My awareness of Schilke instruments developed slowly over a long time period. Eventually I had an epiphany that the Schilke line of instruments was going to allow me to fully express myself as a musician. And while the story is personal, it might be interesting and helpful to others.
I can’t say I grew up with the sound of Schilke trumpets in my head. My first exposure was listening to Bill Chase during my teenage years. As mush as I loved his playing and those recordings, I didn’t have a skill set that allowed me to relate very strongly to him as a player. When my teacher started accumulating high pitched Schilke trumpets I was curious. There was a professional player in the area that played Schilke trumpets and I remember noticing a big difference in his sound. I started to hear a few players using the E3L-4, which struck me as a very useful instrument.
As a young professional, I acquired trumpets in a variety of keys as I could afford them. I owned many brands. I remember being very impressed with the smooth tone and delicate articulation of Wynton Marsalis on the piccolo and Eb trumpets. Like many American trumpet players of my generation, I used Schilke for high pitched trumpet playing but not for anything else. At an ITG conference there was a gold plated Schilke C cornet on prominent display. It played better than most cornets and better than any C trumpet I had ever played so I bought it on impulse. I was an artist/clinician for another company so I wasn’t thinking about switching to Schilke for Bb or C trumpet playing initially, but several things happened that eventually led to the epiphany:
- I noticed how many trumpet manufacturers were introducing trumpets with increasingly firmer slots. This trend has helped a lot of players but I never liked it for myself.
- I went through a long period of re-evaluation in my approach to playing, practicing, and teaching. My book, “Special Studies for Trumpet” was one result. Another result was an interest in having a maximum control over the sound and pitch of the trumpet. I found myself wanting to create a beautiful mouthpiece buzz and wanting to play trumpets that accurately amplified small variations in the buzz, in order to have some variety in tone color.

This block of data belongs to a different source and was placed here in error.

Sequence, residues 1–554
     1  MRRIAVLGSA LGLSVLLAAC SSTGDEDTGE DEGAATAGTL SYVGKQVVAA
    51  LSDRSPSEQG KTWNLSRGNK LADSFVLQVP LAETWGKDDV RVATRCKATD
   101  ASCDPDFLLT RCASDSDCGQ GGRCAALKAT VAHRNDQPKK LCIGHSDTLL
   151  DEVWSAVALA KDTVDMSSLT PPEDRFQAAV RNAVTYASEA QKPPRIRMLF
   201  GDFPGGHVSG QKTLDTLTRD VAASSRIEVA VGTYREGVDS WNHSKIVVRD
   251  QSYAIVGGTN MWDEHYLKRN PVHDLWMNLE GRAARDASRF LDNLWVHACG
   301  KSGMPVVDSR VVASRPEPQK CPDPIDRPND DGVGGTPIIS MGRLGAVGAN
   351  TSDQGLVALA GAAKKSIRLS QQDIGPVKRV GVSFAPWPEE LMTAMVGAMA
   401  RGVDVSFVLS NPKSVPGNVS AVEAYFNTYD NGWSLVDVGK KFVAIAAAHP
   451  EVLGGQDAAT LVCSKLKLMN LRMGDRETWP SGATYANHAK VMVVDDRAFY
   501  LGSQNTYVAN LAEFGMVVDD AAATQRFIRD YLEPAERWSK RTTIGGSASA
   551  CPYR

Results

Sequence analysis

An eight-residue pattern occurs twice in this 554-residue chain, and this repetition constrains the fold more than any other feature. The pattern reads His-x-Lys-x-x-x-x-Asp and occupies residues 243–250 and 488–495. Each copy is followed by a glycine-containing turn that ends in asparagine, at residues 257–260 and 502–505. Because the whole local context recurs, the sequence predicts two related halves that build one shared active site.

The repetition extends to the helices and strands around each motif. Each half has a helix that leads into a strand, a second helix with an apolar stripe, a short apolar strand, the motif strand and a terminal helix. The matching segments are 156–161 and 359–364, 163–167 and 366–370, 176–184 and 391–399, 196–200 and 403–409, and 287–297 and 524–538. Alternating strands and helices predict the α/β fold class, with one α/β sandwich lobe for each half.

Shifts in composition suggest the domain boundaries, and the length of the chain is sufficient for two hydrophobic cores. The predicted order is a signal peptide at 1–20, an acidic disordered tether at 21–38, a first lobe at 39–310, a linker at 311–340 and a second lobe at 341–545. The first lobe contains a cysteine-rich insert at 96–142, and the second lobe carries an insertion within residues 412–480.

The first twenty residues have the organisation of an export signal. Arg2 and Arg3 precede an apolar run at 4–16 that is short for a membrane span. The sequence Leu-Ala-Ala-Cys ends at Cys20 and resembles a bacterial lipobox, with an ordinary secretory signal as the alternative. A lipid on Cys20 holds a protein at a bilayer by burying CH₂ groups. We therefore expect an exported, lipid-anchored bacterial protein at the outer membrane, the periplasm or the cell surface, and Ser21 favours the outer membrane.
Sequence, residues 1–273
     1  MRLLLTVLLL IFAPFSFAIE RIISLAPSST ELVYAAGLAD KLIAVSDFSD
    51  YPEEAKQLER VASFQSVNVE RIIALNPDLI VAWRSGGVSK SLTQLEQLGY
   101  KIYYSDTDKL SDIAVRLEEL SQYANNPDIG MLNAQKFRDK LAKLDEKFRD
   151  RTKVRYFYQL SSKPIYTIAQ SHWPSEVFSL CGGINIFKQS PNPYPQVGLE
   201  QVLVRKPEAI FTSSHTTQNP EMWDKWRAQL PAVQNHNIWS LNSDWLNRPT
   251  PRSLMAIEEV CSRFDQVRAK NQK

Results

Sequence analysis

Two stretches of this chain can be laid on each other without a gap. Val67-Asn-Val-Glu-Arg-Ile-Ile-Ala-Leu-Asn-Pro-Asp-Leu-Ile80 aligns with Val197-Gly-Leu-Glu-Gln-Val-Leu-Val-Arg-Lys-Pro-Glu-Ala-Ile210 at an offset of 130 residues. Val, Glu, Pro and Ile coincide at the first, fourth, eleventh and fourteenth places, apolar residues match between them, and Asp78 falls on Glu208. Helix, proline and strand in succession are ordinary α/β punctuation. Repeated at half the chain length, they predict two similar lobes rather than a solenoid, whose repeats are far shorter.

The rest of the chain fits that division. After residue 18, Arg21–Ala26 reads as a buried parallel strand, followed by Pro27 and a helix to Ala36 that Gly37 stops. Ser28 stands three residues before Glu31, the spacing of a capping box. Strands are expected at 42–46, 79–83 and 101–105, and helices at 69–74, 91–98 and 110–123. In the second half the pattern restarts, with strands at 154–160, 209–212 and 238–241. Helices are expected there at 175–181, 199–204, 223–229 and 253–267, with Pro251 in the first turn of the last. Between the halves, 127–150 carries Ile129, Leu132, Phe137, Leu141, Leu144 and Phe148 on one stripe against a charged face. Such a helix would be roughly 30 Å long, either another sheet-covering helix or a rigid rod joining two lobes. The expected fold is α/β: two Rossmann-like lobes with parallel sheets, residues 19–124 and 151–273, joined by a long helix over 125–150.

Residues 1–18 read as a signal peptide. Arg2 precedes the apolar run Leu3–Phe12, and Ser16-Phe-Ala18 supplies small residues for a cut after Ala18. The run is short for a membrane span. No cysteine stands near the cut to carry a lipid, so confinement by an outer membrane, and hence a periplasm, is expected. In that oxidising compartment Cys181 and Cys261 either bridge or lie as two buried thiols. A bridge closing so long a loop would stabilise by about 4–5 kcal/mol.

- I also found the need to consolidate my physical approach from Bb through piccolo trumpet.
For me, the answer became very clear one day at the Schilke factory and I switched to playing everything at medium (.450) bore. So I own trumpets in Bb, C, Eb, and piccolo as well as cornets in Bb and C. I also play the Schilke flugelhorn which is a slightly smaller bore. This strategy has provided many benefits. I am able to focus on a relaxed body, an open throat, and maximum resonance with this set of tools. Also, I don’t have to think about playing certain instruments on a regular basis in order to be ready to play them. They all blow the same. The manner in which Schilke has permanently aligned their valves has provided the final step in consistency across the instrument range.
My approach now is to simply buzz the mouthpiece as beautifully and perfectly as possible, and let the instrument be my mouthpiece holder and amplifier. While this isn’t the only way to play, it suits my musical temperament and I’m very happy with it. I owe many thanks to the folks at Schilke for their advice, support, and time!